We found that caffeine contributes to the synergism in SP-B mRNA induction only at high, non-physiological doses. Supposing the exclusive role of caffeine as unspecific PDE inhibitor in the context of the above described synergism, a comparable inhibition of PDEs using physiological doses of inhibitors could avoid the usage of high doses of caffeine, thereby eliminating undesirable side effects but maintaining the synergistic mRNA induction, which then could be of benefit in surfactant homeostasis. For this purpose we used the PDE inhibitor rolipram, which is a first generation PDE4 inhibitor characterized by anti-inflammatory and anti-immunomodulatory effects 
. In fact, a dose dependent, significant increase in SP-B mRNA induction was observed when caffeine was substituted by rolipram. The use of selective PDE inhibitors of the second generation such as the PDE4 inhibitors cilomilast and roflumilast, exhibiting longer half-lives and fewer side effects, may further increase intracellular cAMP levels and thus also potentially therapeutic SP-B levels 
. The therapeutic potential of PDE4 inhibitors was further demonstrated by their administration to different animal models with lung diseases, in whom they have been shown to improve lung alveolarisation 
and to attenuate persistent lung injury 
To address, which mechanisms are directly responsible for the observed SP-B mRNA upregulation induced by caffeine, we first measured the mRNA levels of TTF-1, the most important transcription factor involved in SP mRNA transcription 
. However, the reported induction of TTF-1 mRNA expression by dexamethasone and cAMP 
could be confirmed by qPCR only in A549, but not H441 cells after the treatment with caffeine instead of cAMP. A possible explanation for this disagreement could be the accessibility to different regulatory mechanisms leading to SP gene transcription in fetal or different lung epithelial cell subtypes versus H441 cells, which are derived from adult papillary adenocarcinoma cells, since it is known that other factors play a central role in cell specific activation of SP genes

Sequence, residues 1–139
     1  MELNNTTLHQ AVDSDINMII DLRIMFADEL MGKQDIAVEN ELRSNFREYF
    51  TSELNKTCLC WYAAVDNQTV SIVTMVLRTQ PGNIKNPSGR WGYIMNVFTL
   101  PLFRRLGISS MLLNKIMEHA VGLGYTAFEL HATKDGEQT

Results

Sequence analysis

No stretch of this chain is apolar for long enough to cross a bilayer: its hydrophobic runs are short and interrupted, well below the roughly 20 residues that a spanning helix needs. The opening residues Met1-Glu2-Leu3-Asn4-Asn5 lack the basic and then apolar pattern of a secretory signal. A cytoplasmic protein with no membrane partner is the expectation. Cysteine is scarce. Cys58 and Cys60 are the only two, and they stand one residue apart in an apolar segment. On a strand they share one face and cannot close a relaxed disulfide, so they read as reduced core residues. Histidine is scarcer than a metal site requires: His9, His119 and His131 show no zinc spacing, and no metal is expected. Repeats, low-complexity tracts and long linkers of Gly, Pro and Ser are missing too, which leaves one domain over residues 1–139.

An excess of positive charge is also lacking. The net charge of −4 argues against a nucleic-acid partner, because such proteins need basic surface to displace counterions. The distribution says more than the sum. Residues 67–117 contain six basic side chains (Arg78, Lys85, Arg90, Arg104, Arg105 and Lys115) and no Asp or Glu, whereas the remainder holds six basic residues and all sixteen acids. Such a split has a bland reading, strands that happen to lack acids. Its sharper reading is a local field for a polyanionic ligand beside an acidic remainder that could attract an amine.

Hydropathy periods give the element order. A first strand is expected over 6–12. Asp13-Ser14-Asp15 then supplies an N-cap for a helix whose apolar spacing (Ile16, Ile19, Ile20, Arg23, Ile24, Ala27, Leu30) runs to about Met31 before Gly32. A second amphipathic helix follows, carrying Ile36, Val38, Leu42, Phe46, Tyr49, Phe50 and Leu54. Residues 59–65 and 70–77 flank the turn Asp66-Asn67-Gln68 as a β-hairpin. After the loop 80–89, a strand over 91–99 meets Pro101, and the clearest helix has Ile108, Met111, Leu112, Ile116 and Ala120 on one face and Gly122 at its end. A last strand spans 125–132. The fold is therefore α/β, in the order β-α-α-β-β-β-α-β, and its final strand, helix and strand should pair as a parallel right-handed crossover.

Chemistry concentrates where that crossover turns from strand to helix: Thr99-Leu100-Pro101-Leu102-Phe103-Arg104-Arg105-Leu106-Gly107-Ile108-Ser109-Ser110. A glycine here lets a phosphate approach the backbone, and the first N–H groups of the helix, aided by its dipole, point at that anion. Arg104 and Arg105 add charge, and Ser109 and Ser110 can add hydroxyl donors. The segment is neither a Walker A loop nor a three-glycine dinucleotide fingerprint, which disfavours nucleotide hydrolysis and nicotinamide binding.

. The hypothesis that glucocorticoids restore TTF-1 and SP-B levels by increasing the TTF-1 autoregulatory mechanism only in hypoplastic fetal lungs supports this possibility 
. Since it is known that cAMP is able to mediate conformational changes in protein kinase A, which lead to the phosphorylation of TTF-1 
, an involvement of TTF-1 in the observed SP-B mRNA induction in H441 cells could also be explained by its phosphorylation rather than by its upregulation.
One other recently identified transcriptional cofactor of the SP-B gene is ErbB4 
. It has been already associated with the induction of fetal surfactant phospholipid synthesis 
and seems to have a crucial regulatory role in fetal lung development 
. We found that caffeine, but not dexamethasone, is able to induce an increase in ErbB4 mRNA in H441 cells and in A549 cells. Therefore, ErbB4 may contribute to the observed caffeine-induced expression of SP-B mRNA and its synergistic induction in combination with dexamethasone. The examination of other SP-B transcription factor mRNAs like Jun B, c-Jun, SP1, SP3, and HNF-3α indicated no involvement in the described synergism.
To directly examine the influence of SP-B transcription factors, we performed SP-B promoter analyses. By this, an approximately 900 bp promoter-region of human SP-B investigated in luciferase assays was not reflecting the same synergistic effects for the reporter gene. These results are indicating a more complex regulation of SP-B mRNA transcription initiation, which may include other factors like cis- or trans-activating elements in combination. Additionally, an increase of SP-B mRNA stability is neither be detectable by the investigation of the SP-B promoter-region. For glucocorticoids this has been previously shown using also H441 cells, where it was postulated that the influence of glucocorticoids on SP-B mRNA expression is more likely due to changes in mRNA stability rather than enhanced transcription